Yields on Italian government bonds reached frightening heights on Nov. 9, the day after Silvio Berlusconi, Italy’s longest-serving Prime Minister, offered to resign as soon as Parliament passes an austerity package. The market’s refusal to be appeased by Berlusconi’s promised departure indicates that even more dramatic measures may be required to prevent a death spiral for Italy’s $2.6 trillion in sovereign debt. “Bond spreads don’t allow us to wait, not even one hour,” Dario Franceschini, leader of the opposition Democratic Party, wrote in a posting on his website.
The increasingly dire situation in Italy—whose sovereign debt is the fourth-largest in the world—sent shock waves across the euro zone and beyond. “Tragically in Italy … the price of borrowing money is getting to a totally unsustainable level,” British Prime Minister David Cameron told lawmakers in London on Nov. 9.
Italy faces long-term slow growth as well as short-term investor panic in the bond market. Although both must be solved, the country’s deteriorating government finances are clearly the more immediate threat. The yield on 10-year bonds jumped on Nov. 9 to 7.2 percent, above the threshold of 7 percent that led Ireland, Portugal, and Greece to seek bailouts. Worse, yields on short-term securities passed 7 percent, too, a sign of fear that Italy will default.
Any cheer from Berlusconi’s promised—and long overdue—exit was dampened by news on Nov. 9 that LCH.Clearnet, a London-based clearing house, was raising the deposit it demands for processing the trades of Italian securities. The deposit protects LCH in case a deal fails and it gets stuck holding Italian bonds. For Italy, the LCH change “highlights the deterioration of its credit quality,” says Eric Wand, a fixed-income strategist at Lloyds Bank Corporate Markets in London.
Even before the latest rout, economists at Barclays Capital warned on Nov. 7 that Italy may have passed the point of no return. When bond yields get high enough, they go from enticing to alarming—investors worry that the government won’t be able to afford the payments and will eventually default. Barclays said only the European Central Bank has the firepower to halt the run on Italian debt by committing to buying as many Italian bonds as necessary. New ECB President Mario Draghi—eager to establish his anti-inflation bona fides—has said he won’t do so.
Berlusconi is known as il Cavaliere, or the Knight. With his ruling majority unraveling, he has said that passing a plan to reassure financial markets will be his final mission. Italy’s planned austerity measures, likely to include an accelerated sale of up to $83 billion in state assets, won’t solve the underlying problem, which is lack of growth. Over the past 15 years, Italy’s economy has expanded an average 0.9 percent annually, half the European Union average, according to Eurostat. The International Monetary Fund’s prediction for this year is only 0.6 percent.
Without growth, Italy can’t pay down its debt, which stands at 119 percent of gross domestic product, a figure that hasn’t changed much since the mid-1990s. “We’ve done a better job than others controlling our deficits, but not regarding growth,” Corrado Passera, chief executive officer of Italy’s No. 2 bank, Intesa Sanpaolo, said at a conference in Milan on Nov. 7. Italy’s budget deficit is only 4.6 percent of GDP, well below the euro zone average of 6 percent.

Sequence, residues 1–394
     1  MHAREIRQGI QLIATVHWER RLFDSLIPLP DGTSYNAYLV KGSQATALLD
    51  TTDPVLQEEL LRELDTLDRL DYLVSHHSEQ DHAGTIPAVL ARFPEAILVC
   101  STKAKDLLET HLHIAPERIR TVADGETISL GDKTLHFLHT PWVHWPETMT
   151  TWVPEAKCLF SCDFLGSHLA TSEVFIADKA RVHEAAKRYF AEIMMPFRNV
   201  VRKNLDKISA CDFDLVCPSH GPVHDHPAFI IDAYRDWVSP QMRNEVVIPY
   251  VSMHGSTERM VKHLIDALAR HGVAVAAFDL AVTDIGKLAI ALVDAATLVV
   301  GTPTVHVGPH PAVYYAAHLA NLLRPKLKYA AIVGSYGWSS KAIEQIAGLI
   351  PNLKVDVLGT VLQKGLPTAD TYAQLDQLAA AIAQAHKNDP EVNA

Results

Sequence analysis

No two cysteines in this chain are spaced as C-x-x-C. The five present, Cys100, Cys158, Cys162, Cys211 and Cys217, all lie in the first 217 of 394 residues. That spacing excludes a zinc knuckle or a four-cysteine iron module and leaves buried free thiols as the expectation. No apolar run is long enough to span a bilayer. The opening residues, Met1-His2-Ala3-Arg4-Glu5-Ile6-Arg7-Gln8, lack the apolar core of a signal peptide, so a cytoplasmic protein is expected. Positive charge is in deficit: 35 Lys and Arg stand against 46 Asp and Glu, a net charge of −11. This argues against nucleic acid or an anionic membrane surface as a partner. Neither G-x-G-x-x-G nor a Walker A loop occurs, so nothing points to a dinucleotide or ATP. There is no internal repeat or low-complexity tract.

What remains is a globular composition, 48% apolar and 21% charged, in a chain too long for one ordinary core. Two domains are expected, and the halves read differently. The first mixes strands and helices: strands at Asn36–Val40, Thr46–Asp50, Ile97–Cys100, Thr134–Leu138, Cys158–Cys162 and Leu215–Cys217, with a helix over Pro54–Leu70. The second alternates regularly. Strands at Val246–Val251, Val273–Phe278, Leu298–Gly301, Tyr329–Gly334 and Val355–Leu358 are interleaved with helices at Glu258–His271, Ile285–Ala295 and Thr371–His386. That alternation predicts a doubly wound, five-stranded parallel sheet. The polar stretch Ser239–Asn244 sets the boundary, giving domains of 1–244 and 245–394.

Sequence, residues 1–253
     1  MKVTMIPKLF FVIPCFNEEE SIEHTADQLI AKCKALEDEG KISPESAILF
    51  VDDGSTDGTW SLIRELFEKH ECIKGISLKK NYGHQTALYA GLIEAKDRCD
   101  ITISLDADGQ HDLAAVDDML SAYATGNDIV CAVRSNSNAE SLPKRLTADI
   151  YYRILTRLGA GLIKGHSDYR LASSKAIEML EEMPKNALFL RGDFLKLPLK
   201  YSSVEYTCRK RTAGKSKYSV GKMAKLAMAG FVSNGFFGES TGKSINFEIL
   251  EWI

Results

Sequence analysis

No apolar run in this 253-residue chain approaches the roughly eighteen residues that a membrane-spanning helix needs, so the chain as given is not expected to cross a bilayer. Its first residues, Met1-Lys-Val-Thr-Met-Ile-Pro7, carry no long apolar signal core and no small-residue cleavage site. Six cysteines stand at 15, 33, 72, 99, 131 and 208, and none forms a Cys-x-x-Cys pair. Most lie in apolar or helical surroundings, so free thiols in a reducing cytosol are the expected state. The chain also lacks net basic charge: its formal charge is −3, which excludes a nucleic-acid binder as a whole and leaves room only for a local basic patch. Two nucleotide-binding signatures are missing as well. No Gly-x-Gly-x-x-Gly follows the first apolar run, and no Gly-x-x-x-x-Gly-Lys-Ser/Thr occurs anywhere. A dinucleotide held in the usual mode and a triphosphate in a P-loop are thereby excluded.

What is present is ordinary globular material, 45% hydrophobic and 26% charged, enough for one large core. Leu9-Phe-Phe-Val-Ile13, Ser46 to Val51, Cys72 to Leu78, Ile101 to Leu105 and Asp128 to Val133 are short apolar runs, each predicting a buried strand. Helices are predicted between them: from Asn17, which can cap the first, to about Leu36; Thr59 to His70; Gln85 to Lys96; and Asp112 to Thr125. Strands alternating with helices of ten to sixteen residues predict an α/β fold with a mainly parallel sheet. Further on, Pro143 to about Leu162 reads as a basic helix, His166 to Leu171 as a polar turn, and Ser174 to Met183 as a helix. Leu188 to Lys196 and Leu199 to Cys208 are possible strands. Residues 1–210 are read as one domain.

Italy could have avoided this mess. It’s a major exporter with a strong entrepreneurial culture and good companies such as oil group ENI and tiremaker Pirelli—as well as Fiat, which has saved thousands of American jobs by pulling Chrysler back from the brink. And while Berlusconi’s bunga-bunga parties make great tabloid fodder, fiscal policy has been competently managed by Finance Minister Giulio Tremonti.
Still, productivity has been stifled by overregulation, rigid labor rules, and a government role in industries such as energy and media that have been privatized elsewhere. In 1991, Italian labor productivity was about 11 percent lower than the average for the top half of the industrialized countries. By 2009 it was almost 28 percent lower. “There are deep-rooted structural problems at every level,” says Fabio Fois, European economist at Barclays Capital.
The government has tried to juice the economy by investing in infrastructure and education—only to have benefits siphoned off by corruption, says Daniel Gros, director of the Center for European Policy Studies in Brussels. Italy’s state auditor says cases of corruption and bribery increased 30 percent last year. Berlusconi himself has been indicted in three corruption cases. He denies any wrongdoing.
The question now is how quickly Italy can get new leadership in place. Once Parliament passes an austerity plan and Berlusconi resigns, President Giorgio Napolitano will try to form a new government. He could appoint a so-called technical government, led by a prominent outsider such as former EU Commissioner for Competition Mario Monti, that would be charged with implementing reforms and eventually setting new elections. But Berlusconi has insisted that voters should choose the next government. In a Nov. 9 television interview, the Prime Minister said Angelino Alfano, head of his governing People of Liberty party, was in “pole position” to succeed him.
Whoever takes charge of the government will face a monumental task. As Mario Baldassarri, a former Berlusconi ally who chairs the Senate Finance Committee, asks: “Which government, with what wide majority, will be able to implement in a few days the structural reforms that we haven’t been able to implement in the last 10 years?”